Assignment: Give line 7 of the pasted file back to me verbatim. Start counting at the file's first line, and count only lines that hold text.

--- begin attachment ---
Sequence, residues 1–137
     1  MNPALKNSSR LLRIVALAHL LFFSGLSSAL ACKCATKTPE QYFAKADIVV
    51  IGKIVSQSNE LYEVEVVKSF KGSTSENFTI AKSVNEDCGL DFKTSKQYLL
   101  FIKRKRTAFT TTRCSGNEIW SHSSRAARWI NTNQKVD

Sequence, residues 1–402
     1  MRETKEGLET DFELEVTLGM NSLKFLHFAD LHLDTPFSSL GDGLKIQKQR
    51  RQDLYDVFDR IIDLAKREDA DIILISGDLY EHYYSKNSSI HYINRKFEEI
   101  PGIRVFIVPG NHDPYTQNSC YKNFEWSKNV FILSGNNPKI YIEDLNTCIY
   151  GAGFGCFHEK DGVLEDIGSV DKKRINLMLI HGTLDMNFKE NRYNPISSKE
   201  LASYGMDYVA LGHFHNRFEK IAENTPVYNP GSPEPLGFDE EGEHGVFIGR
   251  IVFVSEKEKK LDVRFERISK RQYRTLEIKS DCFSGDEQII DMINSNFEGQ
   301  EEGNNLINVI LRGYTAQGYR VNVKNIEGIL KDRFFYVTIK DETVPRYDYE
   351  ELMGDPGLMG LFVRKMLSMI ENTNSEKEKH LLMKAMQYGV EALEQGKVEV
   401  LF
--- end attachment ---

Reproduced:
    51  RQDLYDVFDR IIDLAKREDA DIILISGDLY EHYYSKNSSI HYINRKFEEI